What is Just in Time?
Just in Time (JIT), as the name suggests, is a management philosophy that calls for the production of what the customer wants, when they want it, in the quantities requested, where they want it, without it being delayed in inventory.
So instead of building large stocks of what you think the customer might want you only make exactly what the customer actually asks for when they ask for it. This allows you to concentrate your resources on only fulfilling what you are going to be paid for rather than building for stock.
Within a Just in Time manufacturing system, each process will only produce what the next process in sequence is calling for.
The Origins and History of JIT
JIT is generally accepted as being a concept invented by Taiichi Ohno of Toyota; after World War2 resources were very scarce in Japan so using them to create something that the customer did not actually want right now was not a good idea.
On a visit to the US the management team of Toyota were inspired by, of all things, how they saw a supermarket (Piggly Wiggly) handle their inventory. Only what was removed from the shelves by the customers was actually replenished and ordered from suppliers. In this way shelves never became empty, nor did they end up overflowing with excessive inventory.
Taiichi Ohno was tasked by Eiji Toyoda to make production more efficient through implementing these ideas and pull production with just in time concepts was developed. It took more than 15 years for Toyota to perfect their ideas and it was not introduced into western manufacturing until the end of the 1970’s.
With a JIT system each process pulls from the preceding process’ “supermarket” and that process will then work to replenish those shelves.
How does JIT differ from traditional manufacturing?
In traditional manufacturing we try to predict what the customer will want and we will create a forecast (or guess) against which we will produce our products. We will also try to produce those products in large batches as the belief is that will make machines and processes more efficient, especially if those machines require a long time to setup. This will typically result in long lead times through our processes, huge amounts of Work In Process (WIP) stocks and also large quantities of finished goods stocks that have not yet been ordered by our customers. This is what many now call “Just in Case” manufacturing.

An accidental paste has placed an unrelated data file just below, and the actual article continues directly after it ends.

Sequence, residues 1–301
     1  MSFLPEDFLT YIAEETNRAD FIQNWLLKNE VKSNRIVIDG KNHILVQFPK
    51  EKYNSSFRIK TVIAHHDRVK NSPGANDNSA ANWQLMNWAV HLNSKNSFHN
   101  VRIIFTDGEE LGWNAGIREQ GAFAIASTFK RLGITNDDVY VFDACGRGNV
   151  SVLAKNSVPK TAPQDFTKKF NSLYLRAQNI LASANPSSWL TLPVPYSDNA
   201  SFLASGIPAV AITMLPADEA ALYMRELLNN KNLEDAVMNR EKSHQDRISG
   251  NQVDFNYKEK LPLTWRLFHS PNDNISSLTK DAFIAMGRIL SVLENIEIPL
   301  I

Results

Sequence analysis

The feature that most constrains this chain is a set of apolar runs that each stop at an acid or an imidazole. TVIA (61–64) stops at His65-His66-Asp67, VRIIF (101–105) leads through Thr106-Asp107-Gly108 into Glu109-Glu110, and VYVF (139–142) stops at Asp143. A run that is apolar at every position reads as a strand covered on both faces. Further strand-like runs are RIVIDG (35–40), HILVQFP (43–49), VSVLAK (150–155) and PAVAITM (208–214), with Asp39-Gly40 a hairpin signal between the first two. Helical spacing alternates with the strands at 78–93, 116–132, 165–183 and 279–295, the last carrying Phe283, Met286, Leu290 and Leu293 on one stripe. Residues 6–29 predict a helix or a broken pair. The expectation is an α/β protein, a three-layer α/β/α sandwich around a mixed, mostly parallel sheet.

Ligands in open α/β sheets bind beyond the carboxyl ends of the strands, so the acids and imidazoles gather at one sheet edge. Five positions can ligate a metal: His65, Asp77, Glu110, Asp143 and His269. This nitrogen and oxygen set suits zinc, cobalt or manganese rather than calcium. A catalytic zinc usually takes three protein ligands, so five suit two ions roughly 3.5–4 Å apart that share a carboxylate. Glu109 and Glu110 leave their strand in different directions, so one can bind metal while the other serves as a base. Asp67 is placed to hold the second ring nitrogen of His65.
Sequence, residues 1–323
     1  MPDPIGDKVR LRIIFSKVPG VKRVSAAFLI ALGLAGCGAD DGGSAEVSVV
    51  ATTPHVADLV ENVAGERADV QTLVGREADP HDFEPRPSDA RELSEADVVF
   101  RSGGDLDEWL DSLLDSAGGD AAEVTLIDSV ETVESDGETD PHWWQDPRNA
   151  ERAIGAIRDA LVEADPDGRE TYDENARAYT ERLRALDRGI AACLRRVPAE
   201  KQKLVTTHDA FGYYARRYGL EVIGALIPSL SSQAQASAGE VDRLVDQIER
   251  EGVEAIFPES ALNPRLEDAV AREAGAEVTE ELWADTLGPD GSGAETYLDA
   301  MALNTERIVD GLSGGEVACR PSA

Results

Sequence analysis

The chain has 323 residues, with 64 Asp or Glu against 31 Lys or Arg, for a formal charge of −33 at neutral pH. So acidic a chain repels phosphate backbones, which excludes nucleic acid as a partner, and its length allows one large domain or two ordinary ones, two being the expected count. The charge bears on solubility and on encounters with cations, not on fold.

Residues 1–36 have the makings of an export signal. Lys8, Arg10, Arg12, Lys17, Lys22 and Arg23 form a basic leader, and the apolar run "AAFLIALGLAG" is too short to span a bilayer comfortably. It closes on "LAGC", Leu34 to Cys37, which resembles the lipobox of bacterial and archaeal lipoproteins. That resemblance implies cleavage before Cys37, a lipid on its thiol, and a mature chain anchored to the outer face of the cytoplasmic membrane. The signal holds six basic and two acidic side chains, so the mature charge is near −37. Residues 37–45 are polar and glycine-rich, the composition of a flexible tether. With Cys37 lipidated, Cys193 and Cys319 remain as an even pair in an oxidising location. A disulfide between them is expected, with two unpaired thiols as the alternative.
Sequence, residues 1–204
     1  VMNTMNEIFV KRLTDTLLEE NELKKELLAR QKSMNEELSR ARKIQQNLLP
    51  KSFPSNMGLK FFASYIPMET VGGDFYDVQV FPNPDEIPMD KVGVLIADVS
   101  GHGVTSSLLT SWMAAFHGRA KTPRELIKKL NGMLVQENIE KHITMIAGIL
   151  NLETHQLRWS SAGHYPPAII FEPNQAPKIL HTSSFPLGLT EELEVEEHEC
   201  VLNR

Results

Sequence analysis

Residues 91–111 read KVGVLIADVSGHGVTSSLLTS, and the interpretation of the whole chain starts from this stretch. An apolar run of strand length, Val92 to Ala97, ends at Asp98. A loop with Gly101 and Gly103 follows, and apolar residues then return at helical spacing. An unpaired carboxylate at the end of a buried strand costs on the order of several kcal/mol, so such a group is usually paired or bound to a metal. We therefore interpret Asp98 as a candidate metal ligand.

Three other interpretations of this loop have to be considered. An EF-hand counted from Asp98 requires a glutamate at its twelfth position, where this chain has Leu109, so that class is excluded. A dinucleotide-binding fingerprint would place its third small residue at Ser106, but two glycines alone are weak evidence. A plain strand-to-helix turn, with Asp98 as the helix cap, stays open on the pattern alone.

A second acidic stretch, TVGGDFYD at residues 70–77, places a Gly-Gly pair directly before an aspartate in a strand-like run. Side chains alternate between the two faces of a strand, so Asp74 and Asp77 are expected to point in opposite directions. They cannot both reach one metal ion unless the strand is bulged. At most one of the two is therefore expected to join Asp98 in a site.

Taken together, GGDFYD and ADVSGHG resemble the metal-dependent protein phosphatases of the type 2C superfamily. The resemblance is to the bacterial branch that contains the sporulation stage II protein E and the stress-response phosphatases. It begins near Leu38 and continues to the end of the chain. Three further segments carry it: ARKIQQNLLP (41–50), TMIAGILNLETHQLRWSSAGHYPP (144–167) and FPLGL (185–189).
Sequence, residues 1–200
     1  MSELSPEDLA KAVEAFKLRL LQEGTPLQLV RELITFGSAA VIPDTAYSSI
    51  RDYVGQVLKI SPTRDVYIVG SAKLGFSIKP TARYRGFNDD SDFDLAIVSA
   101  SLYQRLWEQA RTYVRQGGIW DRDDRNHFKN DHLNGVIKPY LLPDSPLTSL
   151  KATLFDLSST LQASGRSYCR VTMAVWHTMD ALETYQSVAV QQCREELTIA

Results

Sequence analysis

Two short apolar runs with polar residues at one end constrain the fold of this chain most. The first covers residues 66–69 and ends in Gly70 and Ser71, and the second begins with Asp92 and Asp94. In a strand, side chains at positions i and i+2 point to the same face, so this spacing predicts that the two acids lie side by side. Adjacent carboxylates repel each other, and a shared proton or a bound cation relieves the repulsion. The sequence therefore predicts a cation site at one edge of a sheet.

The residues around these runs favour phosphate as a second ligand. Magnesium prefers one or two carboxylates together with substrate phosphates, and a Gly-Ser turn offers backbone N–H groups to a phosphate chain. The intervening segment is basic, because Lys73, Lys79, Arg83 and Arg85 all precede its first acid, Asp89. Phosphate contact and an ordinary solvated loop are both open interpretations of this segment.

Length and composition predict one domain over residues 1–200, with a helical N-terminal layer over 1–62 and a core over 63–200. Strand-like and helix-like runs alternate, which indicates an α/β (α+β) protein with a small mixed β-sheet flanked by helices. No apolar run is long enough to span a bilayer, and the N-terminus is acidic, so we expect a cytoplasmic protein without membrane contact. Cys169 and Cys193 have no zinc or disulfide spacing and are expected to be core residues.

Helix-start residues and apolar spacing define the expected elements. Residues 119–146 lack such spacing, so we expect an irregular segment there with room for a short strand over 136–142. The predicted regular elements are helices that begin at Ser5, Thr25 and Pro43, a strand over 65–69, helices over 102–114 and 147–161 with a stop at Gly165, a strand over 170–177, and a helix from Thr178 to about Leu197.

If the customer does order something that is not in our current stocks they will either have to wait many weeks or even months for the product to be manufactured or work will be hurried through the system by progress chasers causing a huge amount of disruption to the production schedule.
These systems are often run by Manufacturing Resource Planning (MRP2) programs that will try to schedule each and every process within the facility. These software packages will seek to control every step and everything requires careful and often complex planning.
A Just in Time system on the other hand will seek to use simple visual tools known as Kanbans to pull production through the processes according to what the customer actually takes. It massively reduces the amount of stock held and will reduce lead times by a significant amount, often from weeks to just a few hours or days.
The benefits of a JIT system
The following are some of the many benefits that you could gain through the implementation of just in time:
- Reduction in the order to payment timeline; cash, as they say is king in business. Many businesses will suffer with cash flow problems as they will often have to purchase large amounts of raw materials prior to manufacturing and subsequent payment by the customer. Often this gap is many months. Through implementing JIT you are able to considerably reduce that time period.
- Reduction in Inventory costs; one of the main aims with any JIT implementation is to improve stock turns and the amount of stock being held. Personal experience has seen reductions of more than 90% stock in some industries. Along with the reduction in the stock come many other associated benefits.
- Reduction in space required; by removing large amounts of stock from the system and moving processes closer together we will often see a significant reduction in the amount of floor space being used. Results from 100’s of projects run within companies in the UK through the Manufacturing Advisory Service saw average reductions of 33% for simple 5 day implementation projects.